Israeli officials seize AP equipment, claiming violation of media law

The AP reported that it adhered to Israeli military censorship rules, including restrictions on broadcasting troop movements that could put soldiers at risk, and that the feed largely showed smoke rising over Gaza. It said officials had not previously flagged the placement of its camera in southern Israel as problematic, but had noted that its images had appeared live on Al Jazeera.

It also reported that Israeli authorities had conveyed a verbal order last week to suspend the live broadcast, but the order was not respected.

As a major telecommunications service, The AP makes its content available to subscribers around the world.

Yair Lapid, the leader of Israel's parliamentary opposition, had criticized the Communications Ministry for confiscating AP equipment, calling the move “madness.”

“This is not Al Jazeera. This is an American media that has won “dozens of Pulitzer Prizes, he said, she said. “This government is acting as if it has decided to ensure at all costs that Israel is ostracized around the world.”

Ms. Easton said the Israeli authorities should return the AP's equipment so it can restore the live feed and “continue providing this important visual journalism to thousands of media outlets around the world.”

In Israel, Al Jazeera's Arabic-language coverage has often been criticized for amplifying Hamas's perspective.

Israeli Prime Minister Benjamin Netanyahu and other Israeli officials have called the network a “mouthpiece” for Hamas, which led the Oct. 7 attacks on Israel from Gaza that sparked the war. That day, Al Jazeera repeatedly reported statements from Hamas officials calling for a violent uprising in the West Bank.

Al Jazeera said Israel's decision to halt its operations in the country violated “the fundamental right to access information.” It said it had not breached professional media standards.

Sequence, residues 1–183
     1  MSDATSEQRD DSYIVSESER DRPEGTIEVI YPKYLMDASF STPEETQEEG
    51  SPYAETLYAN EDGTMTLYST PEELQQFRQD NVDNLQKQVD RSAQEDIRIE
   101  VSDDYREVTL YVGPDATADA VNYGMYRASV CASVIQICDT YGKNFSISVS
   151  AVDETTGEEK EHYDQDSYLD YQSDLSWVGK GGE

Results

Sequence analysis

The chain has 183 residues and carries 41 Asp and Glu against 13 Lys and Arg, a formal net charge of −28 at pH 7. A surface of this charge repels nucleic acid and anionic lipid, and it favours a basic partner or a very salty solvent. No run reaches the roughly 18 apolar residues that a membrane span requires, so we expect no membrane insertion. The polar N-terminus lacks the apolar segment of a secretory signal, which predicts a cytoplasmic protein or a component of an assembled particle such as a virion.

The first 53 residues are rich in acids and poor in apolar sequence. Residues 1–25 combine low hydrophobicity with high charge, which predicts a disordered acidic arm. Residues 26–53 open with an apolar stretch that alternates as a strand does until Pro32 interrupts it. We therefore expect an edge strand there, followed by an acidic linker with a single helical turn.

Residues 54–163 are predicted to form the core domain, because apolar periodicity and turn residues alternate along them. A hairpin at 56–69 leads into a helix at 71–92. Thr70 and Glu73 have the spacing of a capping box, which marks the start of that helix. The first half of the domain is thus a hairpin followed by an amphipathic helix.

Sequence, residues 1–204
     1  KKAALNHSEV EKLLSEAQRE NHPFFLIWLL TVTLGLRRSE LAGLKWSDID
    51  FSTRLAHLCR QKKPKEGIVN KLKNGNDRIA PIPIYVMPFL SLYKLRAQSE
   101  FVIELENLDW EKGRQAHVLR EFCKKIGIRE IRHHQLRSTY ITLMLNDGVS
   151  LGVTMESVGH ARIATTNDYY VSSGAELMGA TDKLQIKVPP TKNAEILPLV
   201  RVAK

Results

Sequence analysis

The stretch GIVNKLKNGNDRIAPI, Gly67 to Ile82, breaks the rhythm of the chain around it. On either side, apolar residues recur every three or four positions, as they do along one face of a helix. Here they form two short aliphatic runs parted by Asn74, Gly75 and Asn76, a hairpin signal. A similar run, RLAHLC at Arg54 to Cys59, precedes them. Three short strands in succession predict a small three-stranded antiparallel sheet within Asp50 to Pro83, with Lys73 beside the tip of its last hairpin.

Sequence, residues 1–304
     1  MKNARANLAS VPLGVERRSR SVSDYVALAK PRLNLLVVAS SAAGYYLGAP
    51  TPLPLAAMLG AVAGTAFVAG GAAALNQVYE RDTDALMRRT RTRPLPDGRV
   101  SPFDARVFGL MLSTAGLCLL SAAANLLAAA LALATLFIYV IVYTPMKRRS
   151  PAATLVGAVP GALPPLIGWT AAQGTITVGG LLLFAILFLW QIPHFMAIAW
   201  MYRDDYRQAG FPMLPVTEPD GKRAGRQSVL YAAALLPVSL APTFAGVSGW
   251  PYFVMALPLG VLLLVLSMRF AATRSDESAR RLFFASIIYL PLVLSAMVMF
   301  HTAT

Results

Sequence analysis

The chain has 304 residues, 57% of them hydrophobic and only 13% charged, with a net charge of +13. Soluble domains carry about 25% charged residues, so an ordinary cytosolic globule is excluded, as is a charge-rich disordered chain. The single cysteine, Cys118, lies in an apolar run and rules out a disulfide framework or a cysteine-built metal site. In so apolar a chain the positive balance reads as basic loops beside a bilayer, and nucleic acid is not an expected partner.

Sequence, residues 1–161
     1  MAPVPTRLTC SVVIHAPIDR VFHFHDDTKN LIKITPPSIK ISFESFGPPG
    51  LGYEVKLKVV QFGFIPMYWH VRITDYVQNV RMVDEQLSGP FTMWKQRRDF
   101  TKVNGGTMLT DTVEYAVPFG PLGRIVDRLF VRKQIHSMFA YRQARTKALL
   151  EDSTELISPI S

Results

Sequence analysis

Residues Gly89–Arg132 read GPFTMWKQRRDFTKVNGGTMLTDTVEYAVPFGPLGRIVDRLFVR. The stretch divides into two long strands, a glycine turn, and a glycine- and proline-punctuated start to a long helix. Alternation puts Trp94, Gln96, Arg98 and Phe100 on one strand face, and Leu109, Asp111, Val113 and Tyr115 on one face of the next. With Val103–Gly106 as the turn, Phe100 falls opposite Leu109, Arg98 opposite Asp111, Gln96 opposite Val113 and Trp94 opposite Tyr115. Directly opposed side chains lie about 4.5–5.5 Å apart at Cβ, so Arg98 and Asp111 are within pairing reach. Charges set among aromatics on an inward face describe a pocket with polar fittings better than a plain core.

The Foreign Press Association, which represents Israeli and Palestinian journalists working for international news organizations, called the seizure of The AP's equipment an “outrageous” decision that prevents The AP from “providing crucial images of northern Gaza to all other media around the world.” .”

“Israel's move today is a slippery slope,” it said in a statement Tuesday. “Israel could block other international news agencies from providing live footage from Gaza. It could also allow Israel to block media coverage of virtually any news event for vague security reasons.”

Under the new law on foreign media, if the prime minister believes that a foreign media outlet “materially undermines” Israel's national security, the government can temporarily close its offices, confiscate its equipment, remove it from Israeli television providers via cable and satellite and block access to any channel's online platforms hosted on servers in Israel or owned by Israeli entities.

Johnatan Reiss AND Gaya Gupta contributed reporting to this article.

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